How Does Fluorescent Lighting Work?
When atoms get exited by any form of change within their immediate surroundings, light is emitted. The light is expressed in the form of light photons.
There are many ways of exciting atoms in order to emit light, and different sorts of light are emitted. Ordinary bulb lighting produces light through relatively simple heat activity whereas fluorescent lighting uses a pretty complex system to produce light. The light it produces however is very energy efficient and a fluorescent tube can be up to 6 times more efficient than an ordinary bulb.
This is because a normal (incandescent) bulb produces a lot of heat which is entirely wasted in the process of emitting light.
When you turn on a fluorescent light the charge emitted from the electrodes at each end travels up the length of the tube. It disturbs the atoms in the inert gas the tube contains. This gas is usually argon.
There is also a tiny amount of mercury in the tube. The mercury, when excited by the electrons and atoms in the tubes gas, turns from liquid into gas itself. The atoms of the mercury gas collide with the other atoms to produce (usually ultraviolet) light photons.
The light photons themeselves are not visible to our naked eye but when they react with the phosphor coating the inside of the tube, the light becomes visible.
Different colour phosphors can be used to coat the tubes giving different coloured fluorescent lighting.
To send the electrical charge through the tubes gas (making the atoms) there needs to be free electrons and ions. These travel from one end of the tube to the other because of a difference in charge at either end.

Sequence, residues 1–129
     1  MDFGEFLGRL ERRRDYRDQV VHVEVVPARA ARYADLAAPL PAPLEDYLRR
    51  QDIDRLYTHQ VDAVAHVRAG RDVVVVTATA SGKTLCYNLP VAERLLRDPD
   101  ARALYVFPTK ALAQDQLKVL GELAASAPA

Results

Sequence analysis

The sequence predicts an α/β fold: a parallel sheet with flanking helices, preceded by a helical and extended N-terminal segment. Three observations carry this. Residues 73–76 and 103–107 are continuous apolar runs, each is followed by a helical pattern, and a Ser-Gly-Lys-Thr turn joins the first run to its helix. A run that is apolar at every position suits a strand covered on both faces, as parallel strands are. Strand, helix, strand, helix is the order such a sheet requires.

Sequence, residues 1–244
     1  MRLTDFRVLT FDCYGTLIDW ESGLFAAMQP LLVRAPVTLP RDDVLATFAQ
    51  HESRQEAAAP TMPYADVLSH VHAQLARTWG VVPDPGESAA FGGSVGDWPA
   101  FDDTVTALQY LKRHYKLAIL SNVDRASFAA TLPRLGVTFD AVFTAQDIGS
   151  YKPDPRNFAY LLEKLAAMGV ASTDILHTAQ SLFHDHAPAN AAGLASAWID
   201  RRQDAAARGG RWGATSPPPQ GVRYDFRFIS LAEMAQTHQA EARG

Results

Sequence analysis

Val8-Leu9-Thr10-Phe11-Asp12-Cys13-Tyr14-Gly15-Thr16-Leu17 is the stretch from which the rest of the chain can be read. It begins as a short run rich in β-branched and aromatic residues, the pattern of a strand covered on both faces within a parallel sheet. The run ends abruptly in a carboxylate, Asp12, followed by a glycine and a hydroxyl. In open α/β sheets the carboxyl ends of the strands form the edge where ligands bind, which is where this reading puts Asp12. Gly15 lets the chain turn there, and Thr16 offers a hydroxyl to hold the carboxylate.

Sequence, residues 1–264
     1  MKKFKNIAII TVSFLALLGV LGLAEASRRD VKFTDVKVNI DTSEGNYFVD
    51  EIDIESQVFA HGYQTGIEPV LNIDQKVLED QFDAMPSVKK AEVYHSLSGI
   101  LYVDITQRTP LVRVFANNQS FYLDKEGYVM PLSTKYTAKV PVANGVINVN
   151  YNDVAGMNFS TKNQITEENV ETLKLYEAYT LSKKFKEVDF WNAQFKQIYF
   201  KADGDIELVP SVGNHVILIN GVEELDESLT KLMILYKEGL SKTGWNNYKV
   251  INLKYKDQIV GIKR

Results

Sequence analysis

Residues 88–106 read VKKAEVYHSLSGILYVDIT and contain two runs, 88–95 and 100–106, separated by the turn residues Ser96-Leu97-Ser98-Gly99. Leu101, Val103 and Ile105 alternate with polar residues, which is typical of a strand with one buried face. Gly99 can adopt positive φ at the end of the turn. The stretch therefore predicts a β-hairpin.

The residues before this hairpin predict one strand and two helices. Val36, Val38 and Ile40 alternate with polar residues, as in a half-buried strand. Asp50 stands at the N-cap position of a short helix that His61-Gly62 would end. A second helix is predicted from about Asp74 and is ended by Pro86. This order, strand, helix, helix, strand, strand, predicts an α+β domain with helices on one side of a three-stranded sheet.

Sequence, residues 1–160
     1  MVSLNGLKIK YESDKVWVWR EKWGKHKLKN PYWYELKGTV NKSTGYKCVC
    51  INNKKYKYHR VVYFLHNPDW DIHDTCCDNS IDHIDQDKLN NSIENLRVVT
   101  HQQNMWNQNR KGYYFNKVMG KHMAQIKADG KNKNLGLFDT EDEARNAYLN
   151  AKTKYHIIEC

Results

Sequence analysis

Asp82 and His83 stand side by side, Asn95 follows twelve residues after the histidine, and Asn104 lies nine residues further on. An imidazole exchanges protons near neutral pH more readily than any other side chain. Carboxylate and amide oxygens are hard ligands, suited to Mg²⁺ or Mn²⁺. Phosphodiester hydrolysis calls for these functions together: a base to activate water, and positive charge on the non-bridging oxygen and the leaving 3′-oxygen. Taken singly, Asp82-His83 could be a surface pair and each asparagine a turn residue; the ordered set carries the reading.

However it is difficult to get electrons and ions to freely flow through a gas without a boost. A starter is added to the circuit which, once switched on, ionises the gas causing greater excitement in the particles and allowing the necessary movement between each end of the tube.
The light from a fluorescent tube is very much one directional and needs to be reflected into the room by a reflective strip on the back of the fitting. Even then it would simply shine down if its particles were not "scattered" across the room by the addition of a diffuser to the front of the bulb.
The diffuser (light cover) breaks up the solid light and sends it all over the room. Fluorescent lights are wired no differently from other light fittings although the actual fitting to the ceiling should be done on ceing joists where ever possible. See our project on lights and switches and on how to find timber studs in walls. You may also like to view the project on fixing to plasterboard.
With the emergence of LED technology there are now solutions available that will allow you to replace your fluorescent tubes with much more efficient LED bulbs saving you money on your energy bills and also on the cost of replacement tubes as LED’s have a much greater life span. For more information on this visit our LED lighting project.
All project content written and produced by Mike Edwards